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Old 07-03-2007, 05:22 PM   #27
revefsreleets
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Default Re: United States of Debt ...

No. No. NO!
Clinton tried as hard as he could to put this nation trillions of dollars in debt (albeit for a noble cause- health care), but he failed in many ways. I hate to have to post parts of the whole articles that I posted links to that clearly most didn't bother to read, but, hey, ain't it your right as an American to just yell your opinion really loudly and often, whether you are informed or not?

-- In February 1993 President Clinton announces his new Administration's first economic program: a $16-billion "fiscal stimulus." The spending package is later abandoned by the Democratic Congress as too fiscally irresponsible.

-- In February 1993 President Clinton wins passage of his $250-billion tax hike -- which New York Sen. Pat Moynihan accurately describes as "the largest tax increase in world history." It passes both houses of Congress without a single Republican vote. The package contains approximately $2 of new spending for every $1 of new taxes.

-- In September 1993 the Clinton White House lobbies to defeat the bi-partisan Penny - Kasich deficit-reduction bill, which would have cut federal spending and the deficit by $90 billion over five years.

-- In January 1994 Bill and Hillary Clinton unveil "ClintonCare." The proposed hostile federal takeover of one-seventh of the U.S. economy would add at least $75 billion to the deficit over the next six years, according to the Congressional Budget Office (CBO).
-- In September 1994 the President furiously lobbies liberal Democrats in Congress to oppose a Balanced Budget Amendment -- a measure supported by 75 per cent of the American public. Labor Secretary Robert Reich is a little too honest when he confirms most Americans' suspicions about this Administration: "The President is against simply balancing the budget."

-- In October 1994 the President signs into law his $30-billion "crime bill." The Los Angeles Times describes the legislation as a "once-in-a-lifetime federal spending bonanza" containing "a vast array of new social programs" including federally funded exotic-dance classes, sensitivity-training courses, and midnight-basketball leagues. The cost of the Clinton bill has to be shaved after the Democratic House of Representatives rejects the original version as too expensive.

-- In January 1995 Bill Clinton submits a 1996 budget plan that calls for $12 trillion of spending over the next seven years and $200-billion deficits for as far as the eye can see. Even Washington Post reporter David Broder blasts the document as a "symbol of Clinton's failed leadership." Because of the debt Clinton is adding, writes Broder, "the annual net interest is projected to climb from $198 billion in 1993 to $270 billion in 1997 -- when it will, for the first time, be larger than the projected defense budget."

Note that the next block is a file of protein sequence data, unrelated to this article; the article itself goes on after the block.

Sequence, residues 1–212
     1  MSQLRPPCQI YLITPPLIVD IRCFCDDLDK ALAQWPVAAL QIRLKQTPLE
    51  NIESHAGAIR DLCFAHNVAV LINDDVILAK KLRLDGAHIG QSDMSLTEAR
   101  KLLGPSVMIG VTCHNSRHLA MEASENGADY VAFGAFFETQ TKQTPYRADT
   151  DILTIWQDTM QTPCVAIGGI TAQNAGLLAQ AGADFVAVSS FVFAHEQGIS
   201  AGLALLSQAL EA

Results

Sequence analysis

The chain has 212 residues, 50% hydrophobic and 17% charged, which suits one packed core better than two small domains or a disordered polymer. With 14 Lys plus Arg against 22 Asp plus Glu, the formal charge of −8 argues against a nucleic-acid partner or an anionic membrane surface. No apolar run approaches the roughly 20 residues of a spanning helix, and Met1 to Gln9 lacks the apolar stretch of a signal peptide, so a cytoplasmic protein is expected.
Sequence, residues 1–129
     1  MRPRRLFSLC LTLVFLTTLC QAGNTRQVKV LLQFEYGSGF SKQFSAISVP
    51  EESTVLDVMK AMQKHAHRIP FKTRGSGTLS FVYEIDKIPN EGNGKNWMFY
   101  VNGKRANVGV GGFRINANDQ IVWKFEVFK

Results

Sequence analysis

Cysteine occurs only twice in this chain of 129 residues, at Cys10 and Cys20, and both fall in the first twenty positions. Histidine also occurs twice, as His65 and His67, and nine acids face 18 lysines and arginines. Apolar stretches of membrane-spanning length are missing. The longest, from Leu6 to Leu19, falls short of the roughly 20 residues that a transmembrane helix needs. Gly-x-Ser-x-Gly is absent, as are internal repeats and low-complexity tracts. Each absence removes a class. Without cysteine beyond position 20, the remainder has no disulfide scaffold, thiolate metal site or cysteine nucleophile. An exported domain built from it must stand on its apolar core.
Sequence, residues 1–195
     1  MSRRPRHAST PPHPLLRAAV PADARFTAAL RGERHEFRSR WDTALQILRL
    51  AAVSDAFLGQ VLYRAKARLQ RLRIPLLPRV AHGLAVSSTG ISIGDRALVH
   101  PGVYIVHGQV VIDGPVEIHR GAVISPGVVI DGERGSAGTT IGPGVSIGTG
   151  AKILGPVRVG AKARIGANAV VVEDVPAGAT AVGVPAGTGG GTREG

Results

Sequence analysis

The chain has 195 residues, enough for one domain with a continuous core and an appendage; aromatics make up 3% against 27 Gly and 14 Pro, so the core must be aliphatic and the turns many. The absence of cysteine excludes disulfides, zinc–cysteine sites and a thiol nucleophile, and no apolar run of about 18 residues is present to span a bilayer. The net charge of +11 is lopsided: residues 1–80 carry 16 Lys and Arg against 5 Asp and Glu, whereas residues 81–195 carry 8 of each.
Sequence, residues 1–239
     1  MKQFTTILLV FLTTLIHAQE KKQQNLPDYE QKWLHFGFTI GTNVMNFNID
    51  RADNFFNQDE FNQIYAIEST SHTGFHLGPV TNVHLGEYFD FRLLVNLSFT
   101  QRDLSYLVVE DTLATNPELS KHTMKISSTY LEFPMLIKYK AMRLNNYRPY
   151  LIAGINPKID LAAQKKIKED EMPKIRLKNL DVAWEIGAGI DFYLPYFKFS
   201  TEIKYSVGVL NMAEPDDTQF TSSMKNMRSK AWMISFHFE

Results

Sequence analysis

-- In March 1995 Clinton again helps torpedo the Balanced Budget Amendment -- this time by strong-arming five Democratic senators, who had campaigned as champions of the amendment -- to flip-flop and vote no.

-- In June 1995, under pressure from the GOP Congress, Bill Clinton submits a new, revised budget proposal. It still doesn't balance the budget by 2002.

-- In July 1995 the Clinton White House begins its successful "Medi-scare" strategy to undermine public support for a GOP plan to rein in stampeding Medicare costs. Even the Washington Post editorializes that the Clinton Administration has become a gang of "medagogues." On Medicare and Medicaid, the White House is "engaged in an irresponsible campaign based on distortion and fear."

-- In October 1995 Bill Clinton confirms what most of the public is already painfully aware of: "I raised your taxes too much."

-- In December 1995 Bill Clinton vetoes the historic balanced-budget legislation enacted by the Republican Congress --listing 82 reasons why it cuts too much spending. He complains of cuts in everything from foreign aid to corporate welfare.

-- Later that month Bill Clinton releases his unprecedented third and then fourth budget proposals of the year. But they still don't balance the budget.

-- In February 1996 Bill Clinton releases a $1.65-trillion 1997 budget that calls for $360 billion in added spending, or $3,100 per American household, over the next seven years. Then with a straight face he tells the nation that "the era of big government is over." Oh, and the proposal still doesn't balance the budget by 2002.

-- In April 1996 Clinton signs the GOP budget after the Republicans capitulate to his demands and add back some $10 billion of deficit spending.
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